UX Runway – How to Incorporate UX with Agile/Scrum Teams

airplane on runway

So I’ve alluded to a UX runway and my work with Agile and UX in some of my previous posts, but what does that mean? Agile has been the buzz for the past decade and UX was quick behind. First, let me give some background on UX and my role on the team. I’m the ScrumMaster of a UX team. We are part of a large organization serving the needs of many legal application development Scrum teams. My team consists of user researchers, information architects (IA), visual designers, and CSS developers. For better descriptions of these roles please see my post about the Definition of Ready.

So what is UX and what does the team do? In a nutshell, User Experience is how a person interacts with a system – how the flow works, how they perceive things, how accessible it is and the ease of use and understanding. The team I’m ScrumMaster for is very specialized as you can see from the many roles above. Each of the members is assigned to one or more projects and they work with many different development teams to direct UX of the system. This specialization causes some challenges when creating the product and sprint backlogs because of the amount of hand-offs and pre-work. It’s also difficult to write and break down stories and tasks because of the sheer number of dependencies.

When looking at the construct through Scrum’s perspective, it is nearly impossible to research, wireframe, design, code, style, and test a feature within an iteration. This leads me to the UX Runway. I initially got the idea from the Scaled Agile Framework® (SAFe™)* and the architectural runway. After all, a runway is only a stretch where preparation for the next step is done (e.g. an airplane on a runway is preparing to take-off). As Dean Leffingwell put it, “having the UX design track a bit ahead as part of the architectural runway for a system.” But what does this look like and how is it done?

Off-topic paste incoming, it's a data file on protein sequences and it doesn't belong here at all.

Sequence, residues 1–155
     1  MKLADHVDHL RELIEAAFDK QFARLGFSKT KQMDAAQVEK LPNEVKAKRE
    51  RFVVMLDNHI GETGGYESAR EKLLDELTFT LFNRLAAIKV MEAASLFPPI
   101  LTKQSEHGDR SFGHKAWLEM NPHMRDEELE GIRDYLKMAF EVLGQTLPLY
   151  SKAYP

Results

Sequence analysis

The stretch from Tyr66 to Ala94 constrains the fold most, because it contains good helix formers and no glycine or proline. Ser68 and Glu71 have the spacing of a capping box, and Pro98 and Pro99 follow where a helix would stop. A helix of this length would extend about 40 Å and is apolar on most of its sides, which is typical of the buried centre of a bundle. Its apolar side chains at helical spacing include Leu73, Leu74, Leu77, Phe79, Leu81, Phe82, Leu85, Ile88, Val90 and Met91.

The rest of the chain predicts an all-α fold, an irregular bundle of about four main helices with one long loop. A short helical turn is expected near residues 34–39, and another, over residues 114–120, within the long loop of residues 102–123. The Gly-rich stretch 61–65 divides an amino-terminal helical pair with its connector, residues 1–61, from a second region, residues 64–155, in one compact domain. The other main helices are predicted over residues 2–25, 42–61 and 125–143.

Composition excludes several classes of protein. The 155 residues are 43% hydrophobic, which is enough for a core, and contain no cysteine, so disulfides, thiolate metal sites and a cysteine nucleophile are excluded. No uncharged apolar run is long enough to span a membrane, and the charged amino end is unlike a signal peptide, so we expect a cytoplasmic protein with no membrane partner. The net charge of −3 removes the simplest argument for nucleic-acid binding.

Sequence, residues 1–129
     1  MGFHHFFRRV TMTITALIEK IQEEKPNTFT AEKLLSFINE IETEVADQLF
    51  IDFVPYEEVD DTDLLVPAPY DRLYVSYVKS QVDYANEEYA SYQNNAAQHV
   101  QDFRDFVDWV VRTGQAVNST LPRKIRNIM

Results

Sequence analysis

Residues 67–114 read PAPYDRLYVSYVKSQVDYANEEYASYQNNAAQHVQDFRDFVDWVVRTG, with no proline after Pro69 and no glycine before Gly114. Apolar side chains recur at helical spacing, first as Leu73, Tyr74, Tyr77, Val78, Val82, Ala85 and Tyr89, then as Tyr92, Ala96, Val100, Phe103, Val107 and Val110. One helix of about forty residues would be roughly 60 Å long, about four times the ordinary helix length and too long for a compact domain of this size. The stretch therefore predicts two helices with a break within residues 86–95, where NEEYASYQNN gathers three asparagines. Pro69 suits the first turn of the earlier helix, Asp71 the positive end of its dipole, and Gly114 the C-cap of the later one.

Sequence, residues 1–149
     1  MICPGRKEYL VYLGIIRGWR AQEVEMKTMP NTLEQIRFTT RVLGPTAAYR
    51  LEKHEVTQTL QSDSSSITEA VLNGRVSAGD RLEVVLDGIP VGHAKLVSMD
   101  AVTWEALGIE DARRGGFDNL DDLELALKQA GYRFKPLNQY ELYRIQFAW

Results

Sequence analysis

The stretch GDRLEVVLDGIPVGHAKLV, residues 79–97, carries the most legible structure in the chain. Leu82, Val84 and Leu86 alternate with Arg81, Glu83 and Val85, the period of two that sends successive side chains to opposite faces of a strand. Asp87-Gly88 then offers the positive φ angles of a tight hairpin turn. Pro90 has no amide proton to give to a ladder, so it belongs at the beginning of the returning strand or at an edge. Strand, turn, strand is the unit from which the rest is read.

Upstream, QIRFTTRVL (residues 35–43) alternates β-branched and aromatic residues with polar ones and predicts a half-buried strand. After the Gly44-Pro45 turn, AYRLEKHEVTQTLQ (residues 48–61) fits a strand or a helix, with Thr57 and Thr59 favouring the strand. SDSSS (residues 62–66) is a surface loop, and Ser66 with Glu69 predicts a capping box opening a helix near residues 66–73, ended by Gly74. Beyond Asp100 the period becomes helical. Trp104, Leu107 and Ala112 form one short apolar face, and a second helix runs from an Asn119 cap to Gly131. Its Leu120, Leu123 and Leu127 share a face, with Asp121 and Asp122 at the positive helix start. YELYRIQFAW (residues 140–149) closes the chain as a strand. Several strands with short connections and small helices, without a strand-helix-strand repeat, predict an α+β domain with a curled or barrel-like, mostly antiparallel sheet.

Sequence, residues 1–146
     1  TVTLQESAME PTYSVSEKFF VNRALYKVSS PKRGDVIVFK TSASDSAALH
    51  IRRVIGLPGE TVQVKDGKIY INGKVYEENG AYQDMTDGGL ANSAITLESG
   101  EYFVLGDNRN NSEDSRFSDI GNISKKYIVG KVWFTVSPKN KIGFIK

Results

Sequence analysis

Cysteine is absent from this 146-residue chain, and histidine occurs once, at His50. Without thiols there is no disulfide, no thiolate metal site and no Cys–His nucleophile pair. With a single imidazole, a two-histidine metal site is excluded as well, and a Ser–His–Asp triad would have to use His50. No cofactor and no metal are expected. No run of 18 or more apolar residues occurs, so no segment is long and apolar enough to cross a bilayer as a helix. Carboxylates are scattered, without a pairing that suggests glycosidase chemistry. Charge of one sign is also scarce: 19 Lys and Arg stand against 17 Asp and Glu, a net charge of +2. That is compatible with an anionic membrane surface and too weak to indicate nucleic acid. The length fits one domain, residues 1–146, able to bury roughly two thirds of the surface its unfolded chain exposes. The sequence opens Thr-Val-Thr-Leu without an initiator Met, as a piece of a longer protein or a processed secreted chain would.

My team works like most other Scrum teams with a few modifications. We are on the same cadence as all the development teams we work with, though when they are coding the features for the current iteration, the user researchers, IAs, and designers are working an iteration or two ahead of them on their upcoming work in the Product Backlog. It seems simple but is really far more complex. I play the role of a ScrumMaster and Product Owner for the team. I facilitate the Scrum meetings such as retros, planning, daily scrums etc. and work to remove impediments and make things easier for the team to do their work (e.g. a Scrum board works very well for us and I list upcoming features for our product backlog on another board).

As a PO, I work with all the POs, PMs and tech teams to build out our product and sprint backlogs for projects that depend on UX work. Another person who could be a good team PO would be a Senior UX team member. I attend many grooming, planning, and working sessions to gather the information to build a Product Backlog that will ensure UX work gets done in time for tech to build it where it fits into the PO’s priority vision. Within the UX team I provide priority for the different project feature work each member is doing and help them to set up sessions, ask the right questions to the right stakeholders, and have a forum to share their deliverables with the tech teams and POs.

We are a little different in our sprint deliverables than a typical Scrum team. They are not true deliverable features firstly because it isn’t code or functionality we’re delivering; it’s in essence design and flow documentation the teams need to build a usable product. Secondly they are not truly finished. Our goal is to walk through and deliver wireframes or design about 90 percent complete. This gives the teams just enough to get started and allows for them to ask questions about functionality while giving us the flexibility to make necessary modifications based on questions or development concerns. This is done in working sessions or other team’s Scrum meetings that UX team members are invited to. We plan a bit of capacity in each sprint to adjust our deliverables and answer these questions – it may sound like story bleed over but in this context it is necessary and adds value.

I hope this provides some context on how I’m making UX and Agile work together in a large organization. Though it is not following all of the Scrum guidelines, it is working well for us and it allows us to adapt to change quite rapidly. For more context please see diagram below:

 
UX Runway